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House Price Trends in 2013


Reports on the property market as the year closes reveal that 2012 was yet another year when frustrated home owners up and down the country saw a continuation of negative equity and potential buyers were bound by tighter mortgage lending restrictions.

The overall negative picture has regional variations however, with some areas faring better than others and a cautious sense of optimism for 2013 in some parts of the country.

Unsurprisingly, London has been relatively unaffected with some boroughs (notably Westminster) seeing an incredible 15% rise, closely followed by Kensington & Chelsea and Islington.  In a survey conducted by Savills Estate Agents (and reported in the weekend press of December 15/16th) other areas in the country also have cause for optimism, though not to London levels.

Savills’ survey shows that Brighton & Hove, Wokingham, most of Surrey, Bath & northeast Somerset, York and the Nine Elms area of London have seen 12-month price growth based on a number of criteria.

The north and north-east however have experienced the greatest property price falls, with the northwest, northeast, Yorkshire & Humber regions seeing values fall by 3%.

So what’s ahead for 2013?

Certainly government transport improvement initiatives will aid enhanced property values in certain areas.  Upgrades to the A1, M25 and the Kingsteignton bypass in Devon for example  and a Northern Line extension to Nine Elms and Battersea will give prices a boost in these areas.  (The Northern Line extension is part of wider plans to regenerate the Vauxhall, Nine Elms and Battersea areas).

So what is ahead for hard pressed homeowners and those who would like to make that all-important step on to the first rung of the housing ladder?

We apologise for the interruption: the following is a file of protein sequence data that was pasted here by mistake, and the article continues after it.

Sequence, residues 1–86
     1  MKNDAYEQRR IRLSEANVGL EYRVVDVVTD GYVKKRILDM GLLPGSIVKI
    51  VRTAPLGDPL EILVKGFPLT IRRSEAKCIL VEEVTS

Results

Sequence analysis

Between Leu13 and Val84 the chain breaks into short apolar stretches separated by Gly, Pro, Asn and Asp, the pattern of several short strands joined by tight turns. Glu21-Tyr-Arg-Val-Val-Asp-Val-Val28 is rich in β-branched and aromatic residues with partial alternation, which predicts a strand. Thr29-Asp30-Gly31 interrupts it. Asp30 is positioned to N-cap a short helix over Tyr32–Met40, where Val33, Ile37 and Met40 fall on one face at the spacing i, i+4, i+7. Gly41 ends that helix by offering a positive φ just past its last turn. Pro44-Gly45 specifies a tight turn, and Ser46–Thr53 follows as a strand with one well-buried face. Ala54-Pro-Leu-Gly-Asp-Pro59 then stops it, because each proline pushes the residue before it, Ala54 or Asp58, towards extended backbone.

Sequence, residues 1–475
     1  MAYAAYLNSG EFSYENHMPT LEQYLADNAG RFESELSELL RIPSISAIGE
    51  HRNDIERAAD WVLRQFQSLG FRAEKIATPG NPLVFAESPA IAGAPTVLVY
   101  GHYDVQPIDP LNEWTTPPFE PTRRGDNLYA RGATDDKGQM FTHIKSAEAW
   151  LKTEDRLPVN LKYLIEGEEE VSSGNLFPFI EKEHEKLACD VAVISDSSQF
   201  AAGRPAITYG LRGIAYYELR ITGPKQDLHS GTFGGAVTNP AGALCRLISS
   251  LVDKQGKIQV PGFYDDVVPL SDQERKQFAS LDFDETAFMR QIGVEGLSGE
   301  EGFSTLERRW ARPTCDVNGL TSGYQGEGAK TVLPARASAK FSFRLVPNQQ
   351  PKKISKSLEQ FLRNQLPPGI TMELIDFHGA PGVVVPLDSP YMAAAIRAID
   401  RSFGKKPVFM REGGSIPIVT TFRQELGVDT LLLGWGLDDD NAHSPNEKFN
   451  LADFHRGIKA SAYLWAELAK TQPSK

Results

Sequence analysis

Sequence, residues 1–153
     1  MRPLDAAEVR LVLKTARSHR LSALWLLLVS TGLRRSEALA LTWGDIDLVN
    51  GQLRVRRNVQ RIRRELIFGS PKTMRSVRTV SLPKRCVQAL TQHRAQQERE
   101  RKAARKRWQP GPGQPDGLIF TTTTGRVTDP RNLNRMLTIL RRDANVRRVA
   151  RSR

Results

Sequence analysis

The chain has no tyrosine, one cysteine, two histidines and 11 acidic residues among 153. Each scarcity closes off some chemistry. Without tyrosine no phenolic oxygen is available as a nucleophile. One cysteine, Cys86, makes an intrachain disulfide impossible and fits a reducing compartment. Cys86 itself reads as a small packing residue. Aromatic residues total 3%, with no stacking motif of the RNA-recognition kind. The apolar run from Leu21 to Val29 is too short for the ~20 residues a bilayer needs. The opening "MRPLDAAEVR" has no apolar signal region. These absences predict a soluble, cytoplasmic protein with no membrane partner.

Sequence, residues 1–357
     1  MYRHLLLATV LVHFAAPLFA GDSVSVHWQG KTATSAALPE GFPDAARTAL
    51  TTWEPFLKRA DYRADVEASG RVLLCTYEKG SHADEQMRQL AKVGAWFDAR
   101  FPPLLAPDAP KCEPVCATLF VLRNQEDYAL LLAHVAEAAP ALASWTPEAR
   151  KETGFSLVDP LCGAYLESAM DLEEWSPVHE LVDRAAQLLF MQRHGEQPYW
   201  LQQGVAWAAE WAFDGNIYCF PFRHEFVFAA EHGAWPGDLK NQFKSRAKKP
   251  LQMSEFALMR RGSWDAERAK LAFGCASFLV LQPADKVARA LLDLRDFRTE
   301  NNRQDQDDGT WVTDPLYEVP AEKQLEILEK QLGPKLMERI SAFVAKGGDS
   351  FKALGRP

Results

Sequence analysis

Certainly the forecast isn’t too optimistic according to estate agents and property consultants who were canvassed, predicting that house prices will remain static.  There are further predictions that prices will gradually increase in the following years but that the increase will be minimal once inflation has been taken into account.

The building of new homes isn’t expected to significantly increase next year either.  Developers are often able to offer mortgage deals which can generate some stimulus.  It’s thought that the rental sector will see a greater demand next year as many buyers will still be unable to afford to buy, though they may face rental increases as demand outstrips supply.

Predictions though are just that — and some of the forecasts from last year proved to be a little different 12 months later.

Steep falls in house prices weren’t as widespread as expected, but what is certain is that when the statistics are analysed, the ‘averages’ conceal the regional variations. 

One forecast expected to remain unchanged is that the housing market will remain polarised with a north-south divide in which pockets of affluence are found especially in the south where buyers are less reliant on mortgage funding for home ownership.

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